More young people who do not want to go to university should be encouraged to take up apprenticeships, a group of peers has said.
The Lords say more apprenticeships will benefit the whole country
The economic affairs committee in the House of Lords has published a report criticising the apprenticeship system.
It said there were too few places and that children were not taught enough about this option at an early age.
Ministers announced on Wednesday that they were increasing the number of apprenticeships available.
The peers said boosting this area would mean higher earnings for individuals and economic benefits to the UK.
They complained there were too few apprenticeship places and that too many people left the schemes.
Just 53% of people finished their apprenticeships in the UK, compared with 75% in Germany, they said.
Ignorance and indifference
In most European countries, apprenticeship was the main route to skills for up to half of all young people and similar opportunities were desperately needed in Britain, the committee said.
Successive governments had failed to tackle the problem effectively, with numerous announcements and policy initiatives not followed up with delivery, said the report.
The peers said schools were failing to inform young people about the benefits of apprenticeships through a combination of ignorance and indifference to non-academic education.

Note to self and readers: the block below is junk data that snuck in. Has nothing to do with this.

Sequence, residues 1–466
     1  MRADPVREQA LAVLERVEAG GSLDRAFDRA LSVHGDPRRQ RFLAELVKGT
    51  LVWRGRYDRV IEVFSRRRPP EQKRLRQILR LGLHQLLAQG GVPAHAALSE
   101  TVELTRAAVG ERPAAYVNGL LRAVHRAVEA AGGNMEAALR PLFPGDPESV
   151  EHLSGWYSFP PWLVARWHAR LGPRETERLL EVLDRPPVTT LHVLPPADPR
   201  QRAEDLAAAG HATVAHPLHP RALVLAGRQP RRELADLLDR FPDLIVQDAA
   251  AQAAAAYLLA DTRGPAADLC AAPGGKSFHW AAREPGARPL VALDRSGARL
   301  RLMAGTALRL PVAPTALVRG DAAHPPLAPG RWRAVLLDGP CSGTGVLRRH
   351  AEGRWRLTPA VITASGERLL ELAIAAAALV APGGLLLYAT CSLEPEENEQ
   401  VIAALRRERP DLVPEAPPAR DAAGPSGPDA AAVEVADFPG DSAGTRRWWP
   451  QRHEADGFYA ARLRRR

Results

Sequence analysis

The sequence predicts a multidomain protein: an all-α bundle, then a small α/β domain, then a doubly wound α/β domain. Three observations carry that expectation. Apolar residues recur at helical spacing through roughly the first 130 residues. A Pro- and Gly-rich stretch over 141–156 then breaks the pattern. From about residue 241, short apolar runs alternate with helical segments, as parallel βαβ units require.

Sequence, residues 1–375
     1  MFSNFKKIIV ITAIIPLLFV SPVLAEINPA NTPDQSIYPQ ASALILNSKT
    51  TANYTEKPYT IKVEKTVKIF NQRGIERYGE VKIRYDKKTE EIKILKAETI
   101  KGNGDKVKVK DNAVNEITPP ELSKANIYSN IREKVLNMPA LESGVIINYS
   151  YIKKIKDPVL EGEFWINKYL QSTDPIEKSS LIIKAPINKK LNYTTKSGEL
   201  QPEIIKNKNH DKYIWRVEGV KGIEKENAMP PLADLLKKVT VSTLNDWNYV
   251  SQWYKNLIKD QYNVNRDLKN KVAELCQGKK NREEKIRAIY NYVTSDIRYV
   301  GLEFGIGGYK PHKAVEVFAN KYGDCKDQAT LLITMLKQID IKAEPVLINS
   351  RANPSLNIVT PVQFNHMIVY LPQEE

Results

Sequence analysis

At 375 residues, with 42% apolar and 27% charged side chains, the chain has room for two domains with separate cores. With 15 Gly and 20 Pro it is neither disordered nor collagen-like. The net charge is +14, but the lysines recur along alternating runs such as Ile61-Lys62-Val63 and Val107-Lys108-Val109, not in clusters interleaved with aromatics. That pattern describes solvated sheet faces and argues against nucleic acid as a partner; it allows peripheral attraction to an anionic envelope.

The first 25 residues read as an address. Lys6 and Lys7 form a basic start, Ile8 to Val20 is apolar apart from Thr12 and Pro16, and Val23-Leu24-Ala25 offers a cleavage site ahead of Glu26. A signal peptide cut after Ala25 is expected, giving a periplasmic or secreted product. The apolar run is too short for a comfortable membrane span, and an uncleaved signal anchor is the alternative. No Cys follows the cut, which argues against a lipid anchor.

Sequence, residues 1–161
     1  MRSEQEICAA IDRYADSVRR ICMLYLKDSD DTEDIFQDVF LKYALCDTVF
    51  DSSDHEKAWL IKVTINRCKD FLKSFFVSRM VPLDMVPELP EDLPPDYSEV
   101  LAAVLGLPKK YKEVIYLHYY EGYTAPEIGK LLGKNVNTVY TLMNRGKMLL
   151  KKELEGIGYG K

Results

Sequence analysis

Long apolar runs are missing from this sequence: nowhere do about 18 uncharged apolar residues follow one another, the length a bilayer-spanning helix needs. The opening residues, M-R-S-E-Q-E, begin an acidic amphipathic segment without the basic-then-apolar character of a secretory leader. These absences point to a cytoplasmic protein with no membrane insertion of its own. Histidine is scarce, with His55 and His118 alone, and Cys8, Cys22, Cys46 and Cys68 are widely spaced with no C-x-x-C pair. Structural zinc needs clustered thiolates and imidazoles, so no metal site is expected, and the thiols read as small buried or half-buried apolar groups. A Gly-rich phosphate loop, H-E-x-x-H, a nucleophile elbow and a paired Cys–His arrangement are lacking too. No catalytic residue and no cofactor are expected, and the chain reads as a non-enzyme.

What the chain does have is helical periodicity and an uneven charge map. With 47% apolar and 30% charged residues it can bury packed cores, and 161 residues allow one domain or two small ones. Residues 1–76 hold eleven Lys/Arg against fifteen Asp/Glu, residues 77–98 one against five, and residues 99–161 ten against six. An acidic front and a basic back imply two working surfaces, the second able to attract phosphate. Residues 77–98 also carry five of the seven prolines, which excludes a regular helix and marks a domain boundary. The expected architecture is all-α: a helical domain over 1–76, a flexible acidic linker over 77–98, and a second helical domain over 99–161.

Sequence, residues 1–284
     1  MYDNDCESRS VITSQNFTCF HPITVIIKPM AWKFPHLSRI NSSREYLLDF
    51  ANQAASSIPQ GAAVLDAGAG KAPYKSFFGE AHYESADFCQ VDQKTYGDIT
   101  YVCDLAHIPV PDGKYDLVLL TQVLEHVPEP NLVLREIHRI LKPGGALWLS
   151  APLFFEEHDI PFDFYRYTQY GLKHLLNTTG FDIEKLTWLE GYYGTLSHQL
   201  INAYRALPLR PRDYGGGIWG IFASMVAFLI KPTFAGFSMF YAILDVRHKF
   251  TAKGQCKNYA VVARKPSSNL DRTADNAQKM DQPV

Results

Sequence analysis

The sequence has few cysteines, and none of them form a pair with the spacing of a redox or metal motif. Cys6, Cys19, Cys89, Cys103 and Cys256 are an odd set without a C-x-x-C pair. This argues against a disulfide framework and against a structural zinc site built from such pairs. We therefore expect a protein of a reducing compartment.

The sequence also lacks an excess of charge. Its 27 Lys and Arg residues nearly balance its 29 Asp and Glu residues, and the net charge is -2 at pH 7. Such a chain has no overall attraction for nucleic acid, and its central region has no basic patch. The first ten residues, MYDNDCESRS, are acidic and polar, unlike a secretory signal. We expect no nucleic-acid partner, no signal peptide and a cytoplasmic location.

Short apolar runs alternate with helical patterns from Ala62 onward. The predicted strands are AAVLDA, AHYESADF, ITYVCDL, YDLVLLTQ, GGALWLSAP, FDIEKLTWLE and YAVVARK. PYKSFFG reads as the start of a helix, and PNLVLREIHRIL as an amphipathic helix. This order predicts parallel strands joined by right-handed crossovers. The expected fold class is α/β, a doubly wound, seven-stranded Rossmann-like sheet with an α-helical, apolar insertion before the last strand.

They complained that no one government agency managed the apprenticeship system and called for a unit to be set up reporting directly to a cabinet minister.
Committee chairman Lord Wakeham said: "In Britain there is very little focus on providing effective and stimulating education for school leavers not intending to go on to university.
"Vocational training has always been undervalued but it is now more vital than ever that we get this right in what is an increasingly competitive world economy.
"Apprenticeships offer the best solution to ensuring we have a highly skilled and appropriately trained workforce. Unfortunately, successive governments have failed to put apprenticeships where they belong, at the forefront of vocational education."
Skills Minister David Lammy said the government had trebled the number of apprentices since 1997 to more than a quarter of a million, and had accepted the recommendation of the Leitch review of skills, for 500,000 apprenticeships by 2020.
The completion rate had risen from 24% to 59% on the most recent figures.
"We have announced that all suitably qualified young people will have an entitlement to a high quality apprenticeship place," Mr Lammy said.
"We are working with employers to build up places available and a national clearing house to match young people to employer vacancies is now being piloted for national rollout next year."